‘It was true [what I said]. I don’t regret it. I regret some other people’s reactions to it, largely there was sympathy but it didn’t go down well in all quarters, and I think that was wrong. I think that was appalling actually.

‘I wasn’t trying to make a big point, I wasn’t trying to whinge, one point I always tried to say to people is I am very grateful for the 20 years, that was the most important thing, rather than worrying about the next 20 years. 

Gower admitted he did not regret his comment on ageism but regretted how overstated it was

‘Much as I would love to still be doing what I used to do, much as I still feel very capable of doing it well and successfully, I know full well that is not happening at the moment. They know that, what has happened has happened. It is not a positive thing to be complaining about.’

Gower revealed last year he is keen to remain in the industry and touted the idea of moving to India.

And he remains adamant that there is still a spot for experience in a diverse broadcasting environment, warning that the quality of broadcasting could otherwise diminish if the ‘pendulum swung too far’ in the opposite direction. 

‘To be fair that [diversity] has always happened. But I do still think there is room in the industry for experience. 

‘The obvious thing for people in my position is that none of us feel old. As long as we can still speak and put words in the right order and observe and react and as long as we still have enthusiasm for what we do, then I think there is a perfectly valid position to hold there.

The former batsman remains adamant that there is still a spot for experience in broadcasting

‘But we are all in the hands of outside forces on this one. Management and the broadcasters make their decisions, you look at it at Sky, at the BBC, you look at it around the world, this is a very strong trend.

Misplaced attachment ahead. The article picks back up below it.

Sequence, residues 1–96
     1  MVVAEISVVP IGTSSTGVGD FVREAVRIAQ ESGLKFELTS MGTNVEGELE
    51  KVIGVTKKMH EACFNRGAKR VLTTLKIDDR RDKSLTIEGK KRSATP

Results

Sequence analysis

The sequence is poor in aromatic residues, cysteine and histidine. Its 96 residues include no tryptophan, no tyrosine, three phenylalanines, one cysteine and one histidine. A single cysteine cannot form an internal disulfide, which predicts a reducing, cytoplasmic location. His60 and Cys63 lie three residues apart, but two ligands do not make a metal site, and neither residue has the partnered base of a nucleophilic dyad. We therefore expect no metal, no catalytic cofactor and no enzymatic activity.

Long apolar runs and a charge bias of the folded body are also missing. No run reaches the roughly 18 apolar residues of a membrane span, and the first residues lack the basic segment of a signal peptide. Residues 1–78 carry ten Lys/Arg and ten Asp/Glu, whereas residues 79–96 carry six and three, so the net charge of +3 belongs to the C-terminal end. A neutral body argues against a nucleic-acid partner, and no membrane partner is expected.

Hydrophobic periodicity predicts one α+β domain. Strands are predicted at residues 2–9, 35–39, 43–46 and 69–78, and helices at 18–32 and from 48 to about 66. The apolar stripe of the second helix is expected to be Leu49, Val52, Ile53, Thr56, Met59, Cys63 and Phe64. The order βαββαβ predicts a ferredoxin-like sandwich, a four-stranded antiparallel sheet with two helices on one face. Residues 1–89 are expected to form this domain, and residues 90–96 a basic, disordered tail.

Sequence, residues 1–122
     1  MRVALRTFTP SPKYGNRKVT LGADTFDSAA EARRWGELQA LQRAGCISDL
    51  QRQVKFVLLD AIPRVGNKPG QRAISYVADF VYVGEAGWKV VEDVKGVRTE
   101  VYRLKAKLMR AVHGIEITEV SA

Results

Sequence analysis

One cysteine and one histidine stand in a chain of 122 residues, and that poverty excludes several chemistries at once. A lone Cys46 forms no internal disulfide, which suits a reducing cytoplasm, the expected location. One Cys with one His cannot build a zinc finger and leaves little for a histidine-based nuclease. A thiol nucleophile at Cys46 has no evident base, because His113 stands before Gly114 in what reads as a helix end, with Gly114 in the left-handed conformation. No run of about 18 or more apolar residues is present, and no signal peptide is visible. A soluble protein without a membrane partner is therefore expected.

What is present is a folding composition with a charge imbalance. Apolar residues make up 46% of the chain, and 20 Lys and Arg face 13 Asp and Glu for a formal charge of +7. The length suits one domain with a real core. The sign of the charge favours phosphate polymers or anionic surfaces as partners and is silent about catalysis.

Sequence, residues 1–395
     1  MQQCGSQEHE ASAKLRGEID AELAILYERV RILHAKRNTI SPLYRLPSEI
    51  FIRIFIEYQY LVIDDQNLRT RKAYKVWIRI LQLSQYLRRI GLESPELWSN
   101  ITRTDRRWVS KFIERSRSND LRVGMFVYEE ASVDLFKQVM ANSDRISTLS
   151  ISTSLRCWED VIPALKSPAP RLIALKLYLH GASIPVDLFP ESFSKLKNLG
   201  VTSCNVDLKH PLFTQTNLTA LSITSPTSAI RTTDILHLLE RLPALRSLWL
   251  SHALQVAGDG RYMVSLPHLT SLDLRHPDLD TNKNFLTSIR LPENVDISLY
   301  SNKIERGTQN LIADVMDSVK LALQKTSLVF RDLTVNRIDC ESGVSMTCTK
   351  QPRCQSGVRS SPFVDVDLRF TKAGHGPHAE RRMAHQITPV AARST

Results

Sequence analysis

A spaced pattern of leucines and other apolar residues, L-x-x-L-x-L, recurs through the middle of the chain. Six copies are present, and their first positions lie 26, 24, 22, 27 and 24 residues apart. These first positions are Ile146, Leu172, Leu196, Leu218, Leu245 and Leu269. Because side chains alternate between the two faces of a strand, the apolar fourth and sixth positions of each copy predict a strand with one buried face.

‘I am so grateful that I got to spend so long in that business, six years at the BBC and 20 years at Sky, which is a large chunk of one’s life. The only thing I would say is that I was always keen in my role to understand what the job required in terms of promoting the game, of promoting people’s interests, using language well.

‘I think the one thing everyone needs to be mindful of is just maintaining the quality of the broadcast and the words that are broadcast. There is something very special about those who have the ability to use words well.

‘We should encourage diversity, absolutely we should, but just beware of the pendulum swinging too far.’

Gower also paid tribute to former Australia batsman Dean Jones, who passed away on Thursday at the age of 59 in Mumbai, where he was working as a commentator on television coverage of the Indian Premier League.

Gower also paid tribute to former Australian batsman Dean Jones, who passed away

Jones and Gower were opponents in three separate Ashes series between 1986 and 1991, with the former one of the stars of Australia’s successful tour in 1989.

And the former England skipper honoured the two-time Ashes and 1987 World Cup winner following his passing.

‘I was very fond of Deano. I played against him every time we went to Australia covering Ashes series, we always got together. 

‘He was very very fine player, very brave and skilful, and a great thinker about the game. I am very sorry to hear it.’

Lord’s Taverners President David Gower is supporting the fundraising challenge of Lloyd Scott to complete the famous 3 Peaks Challenge dressed in a 130lb deep sea diving suit starting on October 4. Visit www.lordstaverners.org to make a donation